Simply put, Cardano (ADA) aims to be a competitor to the current number two cryptocurrency by market cap, Ethereum, insofar as the Cardano team aims to be a newer and improved smart contracts platform.
That sounds interesting enough, right?
Well, the global cryptocurrency markets have thought so in recent weeks, as ADA has somewhat astonishingly vaulted into the top 10 cryptos by market cap after just launching at the beginning of October 2017.
That’s insane volume, insanely fast. So you might feel like you’re about to “miss the boat,” as it were. But there’s a lot of factors in play around Cardano from an investment standpoint, so let’s get into the nuts and bolts and let you make up your own mind.
Cardano is the brain child of blockchain development group IOHK and a group of Japanese businessmen. And IOHK is headed up by Charles Hoskinson, a former Ethereum developer and current community leader for Ethereum Classic.
Hoskinson brings a certain level of prestige or infamy to Cardano, then, depending on who you ask.
The project was envisioned as a new smart contracts platform built on a Gen 3 blockchain (i.e. ETH is Gen 2, BTC is Gen 1). The mission is to create this platform from the ground up with regulatory adherence in mind.
On the technical side of things, Cardano will be the first blockchain coded up on the Haskell programming language. Bitcoin is coded up in C++ and Ethereum in Solidity, for comparison. Haskell is heavily mathematical language, offering increased precision per Hoskinson.
It’s important to keep in mind, as well, that Cardano is very much so still in development. Phase 1 of the project has been dubbed “Byron,” which is the platform’s first layer that launched back in early October.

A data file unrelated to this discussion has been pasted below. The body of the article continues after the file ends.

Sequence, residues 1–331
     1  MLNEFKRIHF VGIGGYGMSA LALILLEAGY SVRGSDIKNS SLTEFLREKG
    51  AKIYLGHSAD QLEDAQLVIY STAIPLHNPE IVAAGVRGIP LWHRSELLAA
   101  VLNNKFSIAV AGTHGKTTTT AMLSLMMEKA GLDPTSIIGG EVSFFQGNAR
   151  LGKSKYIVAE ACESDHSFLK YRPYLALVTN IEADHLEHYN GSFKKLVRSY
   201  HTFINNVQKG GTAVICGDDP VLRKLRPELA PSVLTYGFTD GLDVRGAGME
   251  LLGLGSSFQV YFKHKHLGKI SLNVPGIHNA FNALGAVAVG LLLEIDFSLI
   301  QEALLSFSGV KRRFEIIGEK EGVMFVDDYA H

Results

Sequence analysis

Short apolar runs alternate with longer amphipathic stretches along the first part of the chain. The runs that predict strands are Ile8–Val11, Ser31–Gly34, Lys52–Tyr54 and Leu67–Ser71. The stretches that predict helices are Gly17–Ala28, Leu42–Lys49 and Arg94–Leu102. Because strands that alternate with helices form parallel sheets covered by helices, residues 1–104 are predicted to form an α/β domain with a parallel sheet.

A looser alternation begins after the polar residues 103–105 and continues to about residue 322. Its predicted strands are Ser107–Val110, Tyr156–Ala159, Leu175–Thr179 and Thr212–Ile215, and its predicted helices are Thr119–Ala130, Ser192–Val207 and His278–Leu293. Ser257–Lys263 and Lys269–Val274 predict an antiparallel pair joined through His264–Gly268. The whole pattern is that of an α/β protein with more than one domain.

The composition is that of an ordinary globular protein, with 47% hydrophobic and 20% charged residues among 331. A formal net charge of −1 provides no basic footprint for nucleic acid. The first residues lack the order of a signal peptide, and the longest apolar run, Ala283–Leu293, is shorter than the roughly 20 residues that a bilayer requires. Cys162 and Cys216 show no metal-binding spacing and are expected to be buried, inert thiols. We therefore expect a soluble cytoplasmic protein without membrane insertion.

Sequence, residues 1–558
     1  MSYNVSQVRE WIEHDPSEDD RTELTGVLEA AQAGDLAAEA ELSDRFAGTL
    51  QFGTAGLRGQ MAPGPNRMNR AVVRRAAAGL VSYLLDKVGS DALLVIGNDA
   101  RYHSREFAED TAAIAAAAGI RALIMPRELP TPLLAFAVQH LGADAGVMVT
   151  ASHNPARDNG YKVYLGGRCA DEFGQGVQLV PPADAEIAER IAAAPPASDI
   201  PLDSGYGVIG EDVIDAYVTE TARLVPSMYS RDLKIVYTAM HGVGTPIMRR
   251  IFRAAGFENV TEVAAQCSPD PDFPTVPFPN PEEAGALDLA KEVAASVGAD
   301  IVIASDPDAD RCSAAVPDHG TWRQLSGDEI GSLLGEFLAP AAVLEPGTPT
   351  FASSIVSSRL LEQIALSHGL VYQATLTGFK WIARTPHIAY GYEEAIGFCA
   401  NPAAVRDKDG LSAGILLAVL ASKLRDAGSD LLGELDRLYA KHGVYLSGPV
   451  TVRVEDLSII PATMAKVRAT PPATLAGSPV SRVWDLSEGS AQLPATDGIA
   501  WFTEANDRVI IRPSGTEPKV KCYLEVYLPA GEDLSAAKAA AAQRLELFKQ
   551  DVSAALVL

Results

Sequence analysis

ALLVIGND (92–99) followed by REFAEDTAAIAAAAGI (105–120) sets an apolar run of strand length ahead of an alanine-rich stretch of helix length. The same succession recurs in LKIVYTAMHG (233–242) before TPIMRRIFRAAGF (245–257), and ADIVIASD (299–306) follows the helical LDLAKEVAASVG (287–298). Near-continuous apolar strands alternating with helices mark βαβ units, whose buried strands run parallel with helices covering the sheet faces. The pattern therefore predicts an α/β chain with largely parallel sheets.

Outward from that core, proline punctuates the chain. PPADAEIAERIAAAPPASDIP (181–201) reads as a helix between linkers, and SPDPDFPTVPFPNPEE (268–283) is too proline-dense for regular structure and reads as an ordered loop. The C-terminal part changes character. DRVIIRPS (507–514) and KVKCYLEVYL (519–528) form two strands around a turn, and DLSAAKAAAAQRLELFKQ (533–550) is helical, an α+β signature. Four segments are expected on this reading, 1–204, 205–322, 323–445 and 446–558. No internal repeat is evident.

Next, Phase 2 has been dubbed “Shelley,” and should be going live at some point toward the middle of 2018 barring any delays. Shelley will provide smart contract functionalities for the Cardano network.
So is this the Ethereum killer?
Not so fast. To be sure, Cardano looks pretty promising. But it’s got several major factors to contend with that might make its battle with ETH an uphill battle, at least in the short- and mid-term.
Indeed, Ethereum’s entrenched first-mover status as a smart contracts platform is going to be hard to beat.
- already extremely trusted
- already offering smart contract solutions efficiently
- already improving at an impressive pace
Unless Cardano’s smart contract capabilities end up blowing Ethereum’s out of the water, it’s likely ADA won’t end up beating ETH any time soon.
New projects are launched everyday that claim to be the Bitcoin-killer or the Ethereum killer. But the number one and number two cryptocurrencies look locked in at the top of the cryptocurrency markets for the foreseeable future.
That could change one day, but it’s something to at least weigh when considering an investment in ADA in the short-term.
Speaking of short-term, Cardano’s had one helluva bold entrance into the crypto marketplace, skyrocketing into the top 10 cryptocurrencies by market cap in under two months.
Can’t ignore that, can we?
The market speaks for itself. People are excited about ADA’s potential. Any talk of an “Ethereum killer” seems to get peoples’ attention.
Will the price keep shooting up for now or is a retracement imminent? No one has the crystal ball to know what comes next. But this short-term excitement could forebode mid- and long-term performance.
Is it worth investing in
Here’s our obligatory disclaimer: you are the sole author of your financial portfolio. We here at CoinBureau don’t offer financial advice. We just offer insights into the world of cryptoeconomics.
With that said, it’s virtually an objective fact that a cryptocurrency that’s come out so recently will have higher price days ahead. For mid-term and longer minded traders, Cardano could be an interesting play.
The price and volume of ADA might be a bit choppy for now while the project is still so early. In the end, you’ll have to make up your own mind. But Cardano’s certainly one to keep an eye on, in the very least.
Featured Image via Steemit